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Myths about Social Work 

 

“Social workers do not earn much money.”

Professionally trained social workers have good income potential. There are a number of variables that affect our compensation level. These variables include your field of practice, the geographic region of the country in which you live, the auspice (public sector, private non-profit) of your practice, and your years of practice experience. In a survey conducted by the National Association of Social Workers (NASW), the social work professional organization, the median income for members in 2001 was $49,500.  The data show that 11 percent of NASW members earn more than $80,000; 18 percent, $60,000 to $79,999; 20 percent, $50,000 to $59,999; 21 percent, $40,000 to $49,000; 23 percent, $30,000 to $39,000; and 6 percent, under $30,000. Our students report beginning salaries from $28,000 to $38,000.

 

“Social Work is depressing because you are involved  with other peoples’ problems. ”

Social workers work with individuals, families, and communities to address significant needs. Compassion is an important resource. If you are to be an effective in your work with clients, however, you cannot become entangled in their struggles. Through your professional training you learn to manage your feelings and to merge your compassion with knowledge and skills, enabling you to help clients mobilize constructive solutions.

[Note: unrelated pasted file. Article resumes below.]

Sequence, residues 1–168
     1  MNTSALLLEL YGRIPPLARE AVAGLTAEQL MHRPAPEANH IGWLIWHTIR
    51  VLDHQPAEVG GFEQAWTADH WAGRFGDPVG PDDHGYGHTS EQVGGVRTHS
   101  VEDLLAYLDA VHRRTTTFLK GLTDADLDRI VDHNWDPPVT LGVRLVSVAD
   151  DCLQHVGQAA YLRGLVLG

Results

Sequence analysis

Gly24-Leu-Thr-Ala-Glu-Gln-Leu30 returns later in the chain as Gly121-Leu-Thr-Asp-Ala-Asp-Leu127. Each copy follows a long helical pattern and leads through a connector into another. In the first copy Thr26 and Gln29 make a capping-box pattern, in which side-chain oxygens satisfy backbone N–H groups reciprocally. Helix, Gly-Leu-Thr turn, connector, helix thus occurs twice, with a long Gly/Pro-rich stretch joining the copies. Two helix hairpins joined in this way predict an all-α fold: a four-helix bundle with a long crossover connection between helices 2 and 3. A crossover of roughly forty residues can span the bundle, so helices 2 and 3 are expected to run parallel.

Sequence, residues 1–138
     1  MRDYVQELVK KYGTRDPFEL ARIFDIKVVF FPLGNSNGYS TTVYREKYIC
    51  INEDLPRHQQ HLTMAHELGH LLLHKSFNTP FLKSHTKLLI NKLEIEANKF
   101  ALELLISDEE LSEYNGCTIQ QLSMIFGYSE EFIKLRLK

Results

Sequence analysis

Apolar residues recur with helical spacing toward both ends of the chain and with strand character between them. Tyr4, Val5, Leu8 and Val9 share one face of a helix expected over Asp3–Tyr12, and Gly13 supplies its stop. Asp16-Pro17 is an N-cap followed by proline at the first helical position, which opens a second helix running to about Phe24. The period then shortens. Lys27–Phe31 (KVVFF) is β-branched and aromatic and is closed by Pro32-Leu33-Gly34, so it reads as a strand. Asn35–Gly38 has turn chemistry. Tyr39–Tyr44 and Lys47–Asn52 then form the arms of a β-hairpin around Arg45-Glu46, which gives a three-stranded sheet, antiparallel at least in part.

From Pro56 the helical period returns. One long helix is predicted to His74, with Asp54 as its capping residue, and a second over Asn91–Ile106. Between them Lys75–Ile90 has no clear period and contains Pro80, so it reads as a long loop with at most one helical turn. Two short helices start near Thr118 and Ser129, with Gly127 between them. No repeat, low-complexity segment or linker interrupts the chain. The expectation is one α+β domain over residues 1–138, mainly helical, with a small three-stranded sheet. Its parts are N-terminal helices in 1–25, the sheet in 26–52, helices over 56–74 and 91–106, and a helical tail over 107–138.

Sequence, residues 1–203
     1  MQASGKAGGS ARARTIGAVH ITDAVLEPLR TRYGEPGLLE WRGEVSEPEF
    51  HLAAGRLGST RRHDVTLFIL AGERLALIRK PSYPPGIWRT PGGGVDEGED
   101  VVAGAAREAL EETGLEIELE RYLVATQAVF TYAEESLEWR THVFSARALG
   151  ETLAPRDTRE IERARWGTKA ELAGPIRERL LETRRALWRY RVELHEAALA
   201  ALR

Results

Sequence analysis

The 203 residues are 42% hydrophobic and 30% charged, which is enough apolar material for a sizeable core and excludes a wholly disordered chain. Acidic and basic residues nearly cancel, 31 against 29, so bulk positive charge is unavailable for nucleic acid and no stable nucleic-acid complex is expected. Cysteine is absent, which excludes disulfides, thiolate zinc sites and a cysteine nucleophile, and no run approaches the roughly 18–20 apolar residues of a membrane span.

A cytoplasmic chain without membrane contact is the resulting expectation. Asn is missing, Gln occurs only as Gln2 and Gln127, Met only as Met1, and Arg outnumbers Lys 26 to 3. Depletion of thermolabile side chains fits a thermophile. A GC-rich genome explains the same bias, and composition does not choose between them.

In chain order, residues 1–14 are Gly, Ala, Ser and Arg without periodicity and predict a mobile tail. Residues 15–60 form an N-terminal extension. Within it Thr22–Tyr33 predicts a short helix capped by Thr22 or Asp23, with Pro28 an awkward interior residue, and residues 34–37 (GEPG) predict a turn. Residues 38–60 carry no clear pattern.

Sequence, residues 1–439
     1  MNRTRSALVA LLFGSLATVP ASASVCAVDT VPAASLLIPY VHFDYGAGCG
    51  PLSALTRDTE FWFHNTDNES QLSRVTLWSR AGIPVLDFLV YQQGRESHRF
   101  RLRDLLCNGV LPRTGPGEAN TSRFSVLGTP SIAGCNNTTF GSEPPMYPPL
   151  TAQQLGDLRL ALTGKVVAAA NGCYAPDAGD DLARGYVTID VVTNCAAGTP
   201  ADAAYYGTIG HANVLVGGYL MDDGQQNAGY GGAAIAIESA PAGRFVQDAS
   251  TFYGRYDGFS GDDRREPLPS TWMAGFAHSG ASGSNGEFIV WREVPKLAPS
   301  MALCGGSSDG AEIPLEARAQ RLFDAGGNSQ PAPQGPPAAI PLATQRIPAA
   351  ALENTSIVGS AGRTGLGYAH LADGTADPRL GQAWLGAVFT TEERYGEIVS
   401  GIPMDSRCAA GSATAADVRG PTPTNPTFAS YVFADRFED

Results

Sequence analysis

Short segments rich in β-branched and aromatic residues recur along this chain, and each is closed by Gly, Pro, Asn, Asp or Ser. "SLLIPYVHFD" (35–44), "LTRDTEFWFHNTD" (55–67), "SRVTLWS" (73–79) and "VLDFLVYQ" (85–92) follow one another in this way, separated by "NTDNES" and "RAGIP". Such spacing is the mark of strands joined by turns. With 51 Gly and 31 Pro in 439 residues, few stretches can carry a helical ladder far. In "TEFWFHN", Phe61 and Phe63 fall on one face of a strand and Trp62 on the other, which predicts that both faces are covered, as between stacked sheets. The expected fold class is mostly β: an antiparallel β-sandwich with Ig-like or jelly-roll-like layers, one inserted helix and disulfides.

“ To provide mental health services you need a degree in psychology.”

Over 60 percent of mental health services and psychotherapy is provided by master’s level social workers. Social workers are the clinicians of choice because they view clients within their environment, taking into account personal and significant relationships, economic and social conditions, and physical health. Social workers build on strengths and assist clients in working on constraints that impinge on their well being.

“Social Workers work primarily with the poor.”

Social Work has a strong commitment to work with the poor and the vulnerable and to advancing social and economic justice. Social workers also work with people from various socioeconomic groups in a diverse range of settings including school settings, child and family service agencies, early intervention programs, mental health agencies, prevention programs, community-based health agencies and hospitals, nursing homes and rehabilitation settings, advocacy agencies, community development organizations, and private practice groups.

“Most social workers work in government agencies.”

Although many people believe that most social workers are employed at local, state, or federal government agencies, NASW survey data show otherwise. Almost three-quarters of all social workers work in private organizations.

 
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